As her corneas exhibited a normal, prolate shape of with-the-rule astigmatism, the initial trial scleral lenses were of that design.

Trial lenses:
#1 OD Zenlens 4.200 sag/ 16.0 OAD/ Prolate / -2.00 D
OS Onefit 2.0 8.20 BC/ 14.9 OAD/ Prolate/  -0.50 D

Slit-lamp examination of these lenses revealed two important findings:
1.) OAD was too small in both the lenses.
2.) More vault was needed

MZ’s horizontal visible iris diameter (HVID) was approximately 13.0 mm in both eyes. It was immediately apparent that a much larger lens would be needed to adequately vault the cornea.

These are the instructions on initial lens selection from the Zenlens Brochure Fitting Guide:

Lens Design Selection

Select lens diameter based on corneal diameter measurement or estimation:   

  • For smaller corneas (11.7 mm or smaller), the 16.0 mm design is recommended
  • For larger corneas (11.8 mm or larger), the 17.0 mm design is recommended

Select the lens design based on the corneal shape or indication:

  • Choose the prolate design for keratoconus or normal corneas with ocular surface disease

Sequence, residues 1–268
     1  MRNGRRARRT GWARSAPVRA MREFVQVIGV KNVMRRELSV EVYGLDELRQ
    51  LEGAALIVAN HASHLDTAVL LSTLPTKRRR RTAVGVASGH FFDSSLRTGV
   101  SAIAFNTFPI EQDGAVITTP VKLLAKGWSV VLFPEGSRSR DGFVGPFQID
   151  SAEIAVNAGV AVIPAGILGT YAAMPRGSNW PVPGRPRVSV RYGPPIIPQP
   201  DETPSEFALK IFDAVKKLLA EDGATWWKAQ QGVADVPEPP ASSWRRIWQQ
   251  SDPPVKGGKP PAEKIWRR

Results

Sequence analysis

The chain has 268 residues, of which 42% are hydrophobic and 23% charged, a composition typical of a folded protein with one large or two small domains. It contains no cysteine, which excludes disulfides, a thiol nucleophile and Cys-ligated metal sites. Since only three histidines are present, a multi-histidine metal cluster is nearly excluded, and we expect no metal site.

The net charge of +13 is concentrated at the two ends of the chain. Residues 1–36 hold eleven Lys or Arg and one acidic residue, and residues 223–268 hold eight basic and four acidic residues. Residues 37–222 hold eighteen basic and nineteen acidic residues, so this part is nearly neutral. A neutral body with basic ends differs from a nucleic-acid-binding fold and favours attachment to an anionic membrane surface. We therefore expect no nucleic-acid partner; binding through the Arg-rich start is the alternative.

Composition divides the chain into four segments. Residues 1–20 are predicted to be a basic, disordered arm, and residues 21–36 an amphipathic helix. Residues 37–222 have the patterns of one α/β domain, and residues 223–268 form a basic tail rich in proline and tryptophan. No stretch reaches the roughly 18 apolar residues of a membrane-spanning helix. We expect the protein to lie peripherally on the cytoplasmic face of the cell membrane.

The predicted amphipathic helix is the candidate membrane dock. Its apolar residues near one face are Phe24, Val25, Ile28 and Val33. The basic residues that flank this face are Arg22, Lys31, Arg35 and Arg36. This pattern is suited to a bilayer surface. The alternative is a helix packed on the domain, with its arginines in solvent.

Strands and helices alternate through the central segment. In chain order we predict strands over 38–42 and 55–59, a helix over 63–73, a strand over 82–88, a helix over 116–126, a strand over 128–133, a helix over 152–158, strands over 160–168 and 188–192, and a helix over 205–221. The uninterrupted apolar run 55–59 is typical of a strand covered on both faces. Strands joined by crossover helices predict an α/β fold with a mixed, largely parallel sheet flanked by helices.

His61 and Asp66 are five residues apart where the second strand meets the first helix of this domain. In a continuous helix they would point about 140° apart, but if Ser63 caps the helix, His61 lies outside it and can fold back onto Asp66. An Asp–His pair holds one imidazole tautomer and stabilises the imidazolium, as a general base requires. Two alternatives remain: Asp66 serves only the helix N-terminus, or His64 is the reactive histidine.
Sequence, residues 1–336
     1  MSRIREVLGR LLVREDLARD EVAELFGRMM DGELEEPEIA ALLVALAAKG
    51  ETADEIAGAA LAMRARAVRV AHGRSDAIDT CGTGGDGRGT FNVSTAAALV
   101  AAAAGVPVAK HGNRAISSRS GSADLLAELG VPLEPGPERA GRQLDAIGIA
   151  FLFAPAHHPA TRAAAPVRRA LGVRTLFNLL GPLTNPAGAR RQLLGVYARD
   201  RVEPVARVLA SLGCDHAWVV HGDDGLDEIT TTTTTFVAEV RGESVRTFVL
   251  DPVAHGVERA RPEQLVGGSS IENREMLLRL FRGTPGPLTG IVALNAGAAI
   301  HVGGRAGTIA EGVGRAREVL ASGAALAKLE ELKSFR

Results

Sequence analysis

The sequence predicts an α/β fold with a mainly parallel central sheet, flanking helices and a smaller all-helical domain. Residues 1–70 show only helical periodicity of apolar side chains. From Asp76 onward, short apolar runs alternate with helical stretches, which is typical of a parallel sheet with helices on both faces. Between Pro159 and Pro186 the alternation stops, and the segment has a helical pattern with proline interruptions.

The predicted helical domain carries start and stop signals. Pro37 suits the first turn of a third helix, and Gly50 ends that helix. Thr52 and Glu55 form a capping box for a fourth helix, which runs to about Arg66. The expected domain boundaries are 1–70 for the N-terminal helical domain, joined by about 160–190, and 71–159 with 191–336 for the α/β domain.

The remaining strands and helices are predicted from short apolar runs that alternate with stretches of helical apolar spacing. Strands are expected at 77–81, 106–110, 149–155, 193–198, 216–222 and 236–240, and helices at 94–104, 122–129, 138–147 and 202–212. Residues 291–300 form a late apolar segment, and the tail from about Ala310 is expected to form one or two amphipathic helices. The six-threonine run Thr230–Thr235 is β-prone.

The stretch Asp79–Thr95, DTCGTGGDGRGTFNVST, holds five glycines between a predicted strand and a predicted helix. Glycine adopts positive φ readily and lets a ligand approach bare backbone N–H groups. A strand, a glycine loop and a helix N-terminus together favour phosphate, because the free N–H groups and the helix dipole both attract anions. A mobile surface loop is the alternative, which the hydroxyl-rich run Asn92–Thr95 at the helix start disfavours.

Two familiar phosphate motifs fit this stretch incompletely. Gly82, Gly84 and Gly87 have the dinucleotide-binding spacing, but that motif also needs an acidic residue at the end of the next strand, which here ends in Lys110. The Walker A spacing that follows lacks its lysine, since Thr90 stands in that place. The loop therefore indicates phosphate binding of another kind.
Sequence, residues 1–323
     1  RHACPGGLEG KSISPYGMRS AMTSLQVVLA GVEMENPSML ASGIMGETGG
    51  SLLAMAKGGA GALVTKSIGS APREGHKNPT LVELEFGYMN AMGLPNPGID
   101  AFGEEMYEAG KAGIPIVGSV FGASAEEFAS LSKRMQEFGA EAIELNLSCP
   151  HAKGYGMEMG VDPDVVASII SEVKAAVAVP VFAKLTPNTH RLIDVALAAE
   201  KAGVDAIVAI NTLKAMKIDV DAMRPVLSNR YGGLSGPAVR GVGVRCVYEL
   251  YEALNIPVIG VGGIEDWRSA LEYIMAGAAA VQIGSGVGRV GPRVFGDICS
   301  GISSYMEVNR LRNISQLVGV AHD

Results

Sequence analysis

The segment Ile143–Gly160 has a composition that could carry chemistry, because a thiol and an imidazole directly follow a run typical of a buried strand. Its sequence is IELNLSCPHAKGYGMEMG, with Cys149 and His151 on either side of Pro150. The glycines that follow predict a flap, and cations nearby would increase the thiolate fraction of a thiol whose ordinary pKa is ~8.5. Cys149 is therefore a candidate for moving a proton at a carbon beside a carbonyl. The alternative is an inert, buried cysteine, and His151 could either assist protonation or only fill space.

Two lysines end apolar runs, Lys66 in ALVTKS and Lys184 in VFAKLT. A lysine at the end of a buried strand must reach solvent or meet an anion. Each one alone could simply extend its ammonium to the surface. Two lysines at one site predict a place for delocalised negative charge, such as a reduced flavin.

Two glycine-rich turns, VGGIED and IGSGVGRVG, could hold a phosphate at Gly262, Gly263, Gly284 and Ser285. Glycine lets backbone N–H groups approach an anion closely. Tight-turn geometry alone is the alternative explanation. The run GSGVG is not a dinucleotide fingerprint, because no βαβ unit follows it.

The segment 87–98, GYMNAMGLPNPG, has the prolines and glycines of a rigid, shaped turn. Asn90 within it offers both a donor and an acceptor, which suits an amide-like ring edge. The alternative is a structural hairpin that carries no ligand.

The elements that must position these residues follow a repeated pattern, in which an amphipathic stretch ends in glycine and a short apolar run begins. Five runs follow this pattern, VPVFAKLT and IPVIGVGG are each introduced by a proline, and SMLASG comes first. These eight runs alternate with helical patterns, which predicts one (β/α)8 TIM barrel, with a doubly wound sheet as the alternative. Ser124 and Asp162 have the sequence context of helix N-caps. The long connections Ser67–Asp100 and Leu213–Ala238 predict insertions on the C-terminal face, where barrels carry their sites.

Initial Diagnostic Lens Selection – Prolate Design

  • For normal corneas or mild keratoconus, choose the 4500 (16.0mm)
    or 4900 (17.0 mm) SAG

Based upon these guidelines, the following lenses were inserted:

#2 OD Zenlens 7.9 BC /4.900 sag/ 17.0 OAD / Prolate / -2.00   over-refraction  -7.25 sphere 
VA 20/30

OS Zenlens 7.9 BC/4.900 sag/ 17.0 OAD / Prolate / -2.00*  over-refraction  -3.00 sphere 
VA 20/30

(*Note: we have two fitting sets of both Zenlens and Onefit 2.0)

Slit-lamp examination:

            OD excessive clearance
            OS more clearance than required – not as great as the right eye.

OCT – central vault:

            OD – 552 microns
            OS – 279 microns

Centration, limbal clearance, edge landing were all very good.  MZ reported good comfort and crisp vision. She noticed the stability of the visual image.

Plan was to order the above lenses with the request to reduce the central clearance approximately 150 microns in both eyes.

Final lens parameters ordered from Alden Optical were:

            OD Zenlens 7.8 BC/ 4.620 sag/ 17.0 OAD / Prolate/ -8.62